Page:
DOI 10.1111/psyp.12565
Citations Scopus - 2Web of Science - 1
Co-authors Mark Parsons, Frini Karayanidis, Pat Michie, Karen Drysdale, Christopher Levi
2016 Cooper PS, Darriba Á, Karayanidis F, Barceló F, 'Contextually sensitive power changes across multiple frequency bands underpin cognitive control', NeuroImage, 132 499-511 (2016) [C1]

© 2016 Elsevier Inc. Flexible control of cognition bestows a remarkable adaptability to a broad range of contexts. While cognitive control is known to rely on frontoparietal neur... [more]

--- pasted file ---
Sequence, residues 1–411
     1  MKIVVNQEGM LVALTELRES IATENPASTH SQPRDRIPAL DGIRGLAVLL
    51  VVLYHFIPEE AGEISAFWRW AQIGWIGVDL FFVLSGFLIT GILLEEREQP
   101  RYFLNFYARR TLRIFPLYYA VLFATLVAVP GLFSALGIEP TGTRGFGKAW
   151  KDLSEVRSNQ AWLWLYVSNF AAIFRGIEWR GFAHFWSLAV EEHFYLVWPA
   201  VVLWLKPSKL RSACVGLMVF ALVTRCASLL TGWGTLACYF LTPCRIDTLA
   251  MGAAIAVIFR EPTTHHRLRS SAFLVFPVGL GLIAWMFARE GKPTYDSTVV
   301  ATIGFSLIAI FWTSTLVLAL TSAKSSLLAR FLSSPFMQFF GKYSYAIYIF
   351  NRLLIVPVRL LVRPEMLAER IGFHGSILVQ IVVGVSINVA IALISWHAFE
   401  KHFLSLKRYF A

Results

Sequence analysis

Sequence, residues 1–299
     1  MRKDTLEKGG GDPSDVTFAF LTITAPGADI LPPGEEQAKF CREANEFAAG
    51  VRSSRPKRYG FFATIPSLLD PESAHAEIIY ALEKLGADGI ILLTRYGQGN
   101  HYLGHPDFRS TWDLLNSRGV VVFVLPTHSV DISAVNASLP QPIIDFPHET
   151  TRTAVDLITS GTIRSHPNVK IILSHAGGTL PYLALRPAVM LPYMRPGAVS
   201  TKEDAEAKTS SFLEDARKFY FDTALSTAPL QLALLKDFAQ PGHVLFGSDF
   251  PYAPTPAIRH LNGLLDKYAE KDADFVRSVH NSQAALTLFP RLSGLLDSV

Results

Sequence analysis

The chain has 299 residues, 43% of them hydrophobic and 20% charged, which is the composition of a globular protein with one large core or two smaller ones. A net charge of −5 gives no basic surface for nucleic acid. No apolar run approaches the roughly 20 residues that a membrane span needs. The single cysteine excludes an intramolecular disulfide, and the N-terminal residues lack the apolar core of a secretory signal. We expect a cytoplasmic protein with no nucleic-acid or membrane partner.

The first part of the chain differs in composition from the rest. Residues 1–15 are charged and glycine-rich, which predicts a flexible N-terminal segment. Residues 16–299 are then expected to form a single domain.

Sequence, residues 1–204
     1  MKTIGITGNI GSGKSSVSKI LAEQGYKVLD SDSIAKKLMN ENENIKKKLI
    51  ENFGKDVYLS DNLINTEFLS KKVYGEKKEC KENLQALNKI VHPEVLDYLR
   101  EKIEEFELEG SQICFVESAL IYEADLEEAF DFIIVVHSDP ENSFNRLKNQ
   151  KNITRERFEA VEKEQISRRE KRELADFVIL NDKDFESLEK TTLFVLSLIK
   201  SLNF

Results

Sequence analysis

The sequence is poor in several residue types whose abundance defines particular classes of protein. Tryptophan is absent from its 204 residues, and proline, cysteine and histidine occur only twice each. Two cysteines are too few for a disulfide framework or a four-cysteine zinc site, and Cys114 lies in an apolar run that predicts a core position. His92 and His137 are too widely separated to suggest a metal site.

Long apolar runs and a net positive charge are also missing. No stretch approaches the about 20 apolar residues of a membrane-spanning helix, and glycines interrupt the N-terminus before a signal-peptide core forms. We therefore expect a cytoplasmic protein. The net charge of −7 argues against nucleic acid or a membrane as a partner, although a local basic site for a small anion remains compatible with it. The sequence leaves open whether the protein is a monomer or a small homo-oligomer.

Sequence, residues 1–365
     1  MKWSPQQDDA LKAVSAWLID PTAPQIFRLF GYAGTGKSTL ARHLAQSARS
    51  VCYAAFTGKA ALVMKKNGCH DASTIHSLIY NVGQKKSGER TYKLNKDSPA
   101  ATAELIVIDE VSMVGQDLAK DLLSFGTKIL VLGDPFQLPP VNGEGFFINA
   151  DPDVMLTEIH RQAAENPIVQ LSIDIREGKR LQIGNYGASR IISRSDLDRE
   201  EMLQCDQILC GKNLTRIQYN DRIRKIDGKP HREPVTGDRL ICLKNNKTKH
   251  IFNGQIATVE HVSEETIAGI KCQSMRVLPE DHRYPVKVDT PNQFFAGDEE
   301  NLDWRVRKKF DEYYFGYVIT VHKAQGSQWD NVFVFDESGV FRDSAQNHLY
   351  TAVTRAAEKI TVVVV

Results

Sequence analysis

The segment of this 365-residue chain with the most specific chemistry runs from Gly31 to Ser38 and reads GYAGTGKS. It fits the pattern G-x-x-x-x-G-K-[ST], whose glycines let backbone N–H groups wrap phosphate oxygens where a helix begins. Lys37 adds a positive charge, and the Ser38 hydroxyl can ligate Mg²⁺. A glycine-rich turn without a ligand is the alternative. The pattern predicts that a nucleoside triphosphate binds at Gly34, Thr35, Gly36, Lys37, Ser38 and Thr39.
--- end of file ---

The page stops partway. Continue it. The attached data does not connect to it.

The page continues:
© 2016 Elsevier Inc. Flexible control of cognition bestows a remarkable adaptability to a broad range of contexts. While cognitive control is known to rely on frontoparietal neural architecture to achieve this flexibility, the neural mechanisms that allow such adaptability to context are poorly understood. In the current study, we quantified contextual demands on the cognitive control system via a priori estimation of information across three tasks varying in difficulty (oddball, go/nogo, and switch tasks) and compared neural responses across these different contexts. We report evidence of the involvement of multiple frequency bands during preparation and implementation of cognitive control. Specifically, a common frontoparietal delta and a central alpha process corresponded to rule implementation and motor response respectively. Interestingly, we found evidence of a frontal theta signature that was sensitive to increasing amounts of information and a posterior parietal alpha process only seen during anticipatory rule updating. Importantly, these neural signatures of context processing match proposed frontal hierarchies of control and together provide novel evidence of a complex interplay of multiple frequency bands underpinning flexible, contextually sensitive cognition.